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4.4375 out of 5 based on 8 user ratings
Kevin A Lewis March 29, 2018 4.5 5
The first commentary on the Psalms you should acquire. Engaging, scholarly yet well written with the ordinary bible student in mind. It has scope to engage with most of the basic literature on the material without being overly wordy and technical. Worthy of due consideration - however! He is post modernist in outlook and thus accepts some more liberal ideas that the more evangelical and traditional thinker will struggle with. I would still recommend - but read with your faith and thinking both fully awake.
Graham Ware March 11, 2016 5 5
The only commentary on the Psalms you need. Highly scholarly, but still accessible to a broader audience, Goldingay shows once again his abilities to be both academic and pastorally sensitive. The whole set is a must have.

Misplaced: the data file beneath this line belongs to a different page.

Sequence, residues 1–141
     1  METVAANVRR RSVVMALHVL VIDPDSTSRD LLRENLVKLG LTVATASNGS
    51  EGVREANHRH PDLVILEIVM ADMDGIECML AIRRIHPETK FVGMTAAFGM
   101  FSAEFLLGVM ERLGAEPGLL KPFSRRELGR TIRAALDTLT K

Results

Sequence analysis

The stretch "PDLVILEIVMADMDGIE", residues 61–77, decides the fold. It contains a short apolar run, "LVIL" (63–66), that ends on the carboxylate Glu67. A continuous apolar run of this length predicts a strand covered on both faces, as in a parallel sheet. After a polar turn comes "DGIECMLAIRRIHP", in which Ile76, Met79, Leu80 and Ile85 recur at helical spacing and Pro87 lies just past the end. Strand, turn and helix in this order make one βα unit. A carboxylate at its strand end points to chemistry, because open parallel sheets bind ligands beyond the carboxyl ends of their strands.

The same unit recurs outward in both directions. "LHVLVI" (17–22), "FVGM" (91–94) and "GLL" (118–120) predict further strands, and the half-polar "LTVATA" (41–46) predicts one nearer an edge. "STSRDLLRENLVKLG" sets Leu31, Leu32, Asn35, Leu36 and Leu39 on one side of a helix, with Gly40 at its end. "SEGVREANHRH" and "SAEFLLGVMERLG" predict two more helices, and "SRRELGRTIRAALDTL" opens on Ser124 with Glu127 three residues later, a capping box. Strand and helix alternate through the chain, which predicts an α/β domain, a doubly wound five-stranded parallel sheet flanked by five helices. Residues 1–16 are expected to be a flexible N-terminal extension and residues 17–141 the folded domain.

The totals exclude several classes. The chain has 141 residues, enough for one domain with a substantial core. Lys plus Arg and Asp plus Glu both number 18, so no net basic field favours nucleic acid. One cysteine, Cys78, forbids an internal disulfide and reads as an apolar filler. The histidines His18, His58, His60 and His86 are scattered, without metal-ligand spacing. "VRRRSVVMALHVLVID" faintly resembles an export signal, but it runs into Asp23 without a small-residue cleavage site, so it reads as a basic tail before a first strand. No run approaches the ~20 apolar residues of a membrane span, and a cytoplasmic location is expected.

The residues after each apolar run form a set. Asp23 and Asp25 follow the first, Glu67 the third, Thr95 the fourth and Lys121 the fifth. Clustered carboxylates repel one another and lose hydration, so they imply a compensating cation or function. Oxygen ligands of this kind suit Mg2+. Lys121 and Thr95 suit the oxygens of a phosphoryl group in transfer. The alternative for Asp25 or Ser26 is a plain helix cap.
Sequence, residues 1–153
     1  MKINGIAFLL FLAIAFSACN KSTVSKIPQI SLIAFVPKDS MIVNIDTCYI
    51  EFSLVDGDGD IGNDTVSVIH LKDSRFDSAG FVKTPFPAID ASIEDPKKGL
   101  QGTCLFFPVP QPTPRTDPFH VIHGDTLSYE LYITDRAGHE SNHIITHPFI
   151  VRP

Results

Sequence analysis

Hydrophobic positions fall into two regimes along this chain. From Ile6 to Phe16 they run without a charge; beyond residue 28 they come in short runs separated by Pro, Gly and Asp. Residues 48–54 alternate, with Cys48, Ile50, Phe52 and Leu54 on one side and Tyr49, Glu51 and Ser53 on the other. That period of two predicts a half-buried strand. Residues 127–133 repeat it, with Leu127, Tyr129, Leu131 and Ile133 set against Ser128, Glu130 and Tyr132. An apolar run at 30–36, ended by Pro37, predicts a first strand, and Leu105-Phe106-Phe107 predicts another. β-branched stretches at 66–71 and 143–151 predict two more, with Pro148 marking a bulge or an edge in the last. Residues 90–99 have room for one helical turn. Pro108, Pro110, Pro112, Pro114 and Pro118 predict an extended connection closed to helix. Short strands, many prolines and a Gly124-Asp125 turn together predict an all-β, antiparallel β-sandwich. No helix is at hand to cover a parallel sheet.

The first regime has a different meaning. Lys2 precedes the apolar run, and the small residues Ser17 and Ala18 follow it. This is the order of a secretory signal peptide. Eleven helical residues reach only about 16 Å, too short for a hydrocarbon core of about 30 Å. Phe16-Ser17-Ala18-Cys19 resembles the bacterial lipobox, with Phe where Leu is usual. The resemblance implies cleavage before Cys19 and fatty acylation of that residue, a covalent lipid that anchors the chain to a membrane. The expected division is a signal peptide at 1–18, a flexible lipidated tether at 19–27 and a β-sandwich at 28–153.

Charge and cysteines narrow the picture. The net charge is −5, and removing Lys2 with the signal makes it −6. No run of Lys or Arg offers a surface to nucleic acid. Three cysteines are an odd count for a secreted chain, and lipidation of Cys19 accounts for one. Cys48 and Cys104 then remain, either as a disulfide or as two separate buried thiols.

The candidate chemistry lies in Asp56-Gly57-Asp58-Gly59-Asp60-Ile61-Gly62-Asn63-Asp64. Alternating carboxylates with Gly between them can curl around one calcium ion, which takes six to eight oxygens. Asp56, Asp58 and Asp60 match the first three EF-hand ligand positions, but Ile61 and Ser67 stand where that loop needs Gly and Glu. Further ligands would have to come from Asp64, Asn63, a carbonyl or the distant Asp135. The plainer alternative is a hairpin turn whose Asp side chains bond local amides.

Andrzej Stelmasiak October 28, 2015 1 5
BEWARE!!! not evangelical, according to Goldingay God is not omniscient neither in control, he changes his mind, the Bible is not inerrant, it is inspired only...
Joel R. Beeke May 4, 2012 5 5
The Book of Psalms is unrivaled in all of Scripture for its emotional intensity and spiritual intimacy. With a scholar’s eye and a pastor’s heart, Goldingay delves into the psalms, illuminating the literary, historical, and grammatical aspects of the text, while clarifying the theological implications. His careful reading is complemented by a detailed introduction.This is the third volume in the Baker Commentary on the Old Testament Wisdom and Psalms Series. The series is tailored to the distinctives of poetry and wisdom literature. [Full Review]
Neal Piwowarski April 17, 2010 5 5